Category: Jazz Standards

Dive into “Sticky July” by Butcher Brown

Butcher Brown is a jazz-funk band known for their eclectic style and improvisational flair. Their song “Sticky July” showcases their talents, with an especially impressive guitar part and solo. In this tutorial, I’ll break down the chords and scales used in the guitar part and offer tips for improvising over this funky tune.


The chord progression follows a simple AB pattern, with the A section consisting of:

  • F#m7 – Classic minor 7 chord shape with a hammer on from A to B on the B string
  • Bm7 – Minor 7 chord, playing the root on the B string twice
  • A7/Bb – Interesting voicing with the A7 on top and Bb bass note
  • Esus2/G# – Played with thumb, sus2 chord without the A string
  • Gmaj7(9/13) – Basically a G major 7 with added 9th and 13th
  • Db7 – Hendrix-style chord barring B and E strings
  • Dmaj7 – Standard open position D major 7

The B section uses:

  • Bmaj7 – Same shape as the Gmaj7 chord
  • Em11 – Minor 11 voicing
  • Abm9 – Unique voicing like a Gb/Ab
  • G/A – Simple sus chord
  • Dmaj9 – Classic jazz Dmaj9 sound
  • C#sus – Barre or B/C# voicing
  • C7b5 – Dominant 7 flat 5 resolving to F#m

Scales for Improvisation

The A section is straightforward, just using the F# minor pentatonic scale. For the B section, target the chord tones of each changing chord while avoiding dissonant tones. Useful scales include:

  • Bmaj7 – B major, avoid the #11
  • Em11 – E minor or D major
  • Abm9 – Ab dorian (Db major scale)
  • G/A – G major
  • Dmaj9 – D major
  • C#sus – C# or F# minor pentatonic
  • C7 – C mixolydian

Soloing Over the Changes

When soloing over “Sticky July,” aim to smoothly connect the chord tones through each section. Outline the F# minor tonality over the first part, and switch scales measure-by-measure in the second section. Pay close attention to the chords and avoid dissonant tones.

“Mastering Jazz Soloing: Breaking Down ‘Bright Size Life'”

In this blog post, we’ll dive into the art of soloing over jazz standards, focusing on the classic tune “Bright Size Life.” Known for its ECM-era 70s jazz style with suspended sounds and modulations, this piece offers an excellent opportunity to explore creative soloing techniques. Join us as we break down the chords, discuss scale choices, and learn to connect them seamlessly.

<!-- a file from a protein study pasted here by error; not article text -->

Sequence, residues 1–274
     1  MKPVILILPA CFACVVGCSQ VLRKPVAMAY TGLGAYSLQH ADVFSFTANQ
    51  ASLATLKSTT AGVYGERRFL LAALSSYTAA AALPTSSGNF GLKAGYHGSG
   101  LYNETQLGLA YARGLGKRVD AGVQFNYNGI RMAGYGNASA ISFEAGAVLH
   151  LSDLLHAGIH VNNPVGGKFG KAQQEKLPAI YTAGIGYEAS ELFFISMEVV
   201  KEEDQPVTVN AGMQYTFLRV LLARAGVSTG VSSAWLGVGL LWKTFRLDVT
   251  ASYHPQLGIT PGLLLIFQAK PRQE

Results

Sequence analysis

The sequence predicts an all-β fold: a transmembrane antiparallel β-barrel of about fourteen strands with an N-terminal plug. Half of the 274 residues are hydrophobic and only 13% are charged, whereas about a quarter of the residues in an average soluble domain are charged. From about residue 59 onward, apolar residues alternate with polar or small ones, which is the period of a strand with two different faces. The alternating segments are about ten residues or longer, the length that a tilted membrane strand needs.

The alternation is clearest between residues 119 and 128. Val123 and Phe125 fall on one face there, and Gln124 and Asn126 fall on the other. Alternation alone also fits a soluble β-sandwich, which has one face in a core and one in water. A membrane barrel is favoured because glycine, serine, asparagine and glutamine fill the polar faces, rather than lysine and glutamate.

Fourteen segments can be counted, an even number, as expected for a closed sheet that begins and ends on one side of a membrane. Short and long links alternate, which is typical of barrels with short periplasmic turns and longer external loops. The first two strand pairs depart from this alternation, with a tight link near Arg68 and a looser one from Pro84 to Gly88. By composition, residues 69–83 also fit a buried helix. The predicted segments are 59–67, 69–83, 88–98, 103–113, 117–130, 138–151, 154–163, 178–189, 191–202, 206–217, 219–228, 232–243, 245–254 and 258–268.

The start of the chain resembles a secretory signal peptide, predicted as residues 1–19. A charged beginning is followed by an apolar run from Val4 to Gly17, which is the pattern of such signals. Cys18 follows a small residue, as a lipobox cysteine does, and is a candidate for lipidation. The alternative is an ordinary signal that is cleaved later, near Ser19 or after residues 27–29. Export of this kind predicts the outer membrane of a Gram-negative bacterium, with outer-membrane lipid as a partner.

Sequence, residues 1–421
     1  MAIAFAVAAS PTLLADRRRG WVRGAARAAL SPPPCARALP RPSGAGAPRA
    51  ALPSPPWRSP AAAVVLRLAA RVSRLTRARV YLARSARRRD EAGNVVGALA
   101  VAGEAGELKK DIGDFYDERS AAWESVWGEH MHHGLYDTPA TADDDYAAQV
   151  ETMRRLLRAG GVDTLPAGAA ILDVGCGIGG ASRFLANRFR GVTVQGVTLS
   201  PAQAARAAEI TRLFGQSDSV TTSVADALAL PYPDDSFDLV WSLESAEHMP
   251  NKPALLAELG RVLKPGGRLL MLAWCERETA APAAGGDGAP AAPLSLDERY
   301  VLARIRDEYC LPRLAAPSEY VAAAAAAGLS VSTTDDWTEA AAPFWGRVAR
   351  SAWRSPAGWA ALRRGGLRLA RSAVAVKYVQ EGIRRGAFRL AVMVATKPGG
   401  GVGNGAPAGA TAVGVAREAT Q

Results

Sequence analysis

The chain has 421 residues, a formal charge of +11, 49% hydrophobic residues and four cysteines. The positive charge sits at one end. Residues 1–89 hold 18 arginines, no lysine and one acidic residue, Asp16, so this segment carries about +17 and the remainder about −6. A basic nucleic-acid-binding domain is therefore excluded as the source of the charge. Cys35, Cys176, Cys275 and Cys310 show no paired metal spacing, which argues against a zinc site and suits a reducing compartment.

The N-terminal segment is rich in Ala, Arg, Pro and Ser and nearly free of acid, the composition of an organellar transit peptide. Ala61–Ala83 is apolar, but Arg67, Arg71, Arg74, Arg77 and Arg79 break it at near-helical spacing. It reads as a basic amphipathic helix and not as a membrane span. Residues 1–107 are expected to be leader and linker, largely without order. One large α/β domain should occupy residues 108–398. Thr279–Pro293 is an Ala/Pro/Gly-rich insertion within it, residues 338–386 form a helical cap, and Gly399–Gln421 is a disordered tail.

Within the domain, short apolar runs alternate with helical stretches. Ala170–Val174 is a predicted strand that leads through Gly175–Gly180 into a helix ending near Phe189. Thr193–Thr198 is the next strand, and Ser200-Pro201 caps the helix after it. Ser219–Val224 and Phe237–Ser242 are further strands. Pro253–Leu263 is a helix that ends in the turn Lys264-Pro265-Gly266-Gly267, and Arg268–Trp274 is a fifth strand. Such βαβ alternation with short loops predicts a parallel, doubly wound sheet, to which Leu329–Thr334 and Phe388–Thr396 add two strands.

1. Understanding the Key and Chords:
    “Bright Size Life” is set in the key of D major. The chord progression begins with the IV chord (Gmaj7), moves to the bVI major 7 (Bb Lydian), and then resolves to the V chord (A7) and back to the I (Dmaj7). The bridge section introduces a series of constant structure chords and a V-I progression.
  2. Scale Choices for Soloing:
    To effectively solo over these chords, it’s essential to select appropriate scales. I recommend using D major (Ionian) over Dmaj7, Bb Lydian (flat six major seven) over Bbmaj7#11, and D Mixolydian over D7. These scales complement the chord tones and provide a solid foundation for improvisation.
  3. Expanding Your Vocabulary:
    While understanding scales is crucial, developing a unique and expressive jazz vocabulary is equally important. I demonstrate how to connect the chords by using phrases and licks within a modern jazz style. I learning from other jazz players and incorporating these ideas into your playing.
  4. Transposing to Different Keys:
    To enhance versatility and adaptability, it’s advisable to practice the tune in various keys. The blog post provides an example of transposing “Bright Size Life” to the key of G major, encouraging readers to explore different tonalities and apply their knowledge across the fretboard.
  5. Playing with Singers:
    For musicians interested in collaborating with vocalists, being adept at transposing is invaluable. Singers often have different ranges, and altering the key can accommodate their vocal abilities. Developing this skill broadens your opportunities as a jazz musician and enhances your overall musicality.

“Bright Size Life” offers an exciting canvas for jazz musicians to experiment with improvisation and soloing. By understanding the chord progressions, selecting appropriate scales, and expanding your jazz vocabulary, you can create captivating solos that complement this classic jazz standard. Moreover, mastering transposition adds another layer of skill, allowing you to collaborate seamlessly with vocalists and fellow jazz musicians. So, take your time to explore the nuances of “Bright Size Life” and embrace the journey of becoming a versatile and expressive jazz soloist. Happy playing!

How to solo over jazz standards #1 – Stella

Hey there, fellow jazz enthusiasts! Today, I want to share something exciting—a new video format where we explore the art of soloing over jazz standards. And guess what? We’ll kick things off with the classic “Stella by Starlight”

You might be wondering why I’m doing this. Well, I’ve been asked countless times about the thought process behind improvising during gigs. Sure, a lot of it comes naturally, like playing by ear and letting your fingers do the talking. But there’s more to it—trust me!

So, let’s dive in! First off, we’re going to break down “Stella” into recognizable progressions—those sweet 2-5s. Don’t worry if you’re not familiar with the tune. We’ll take it step by step.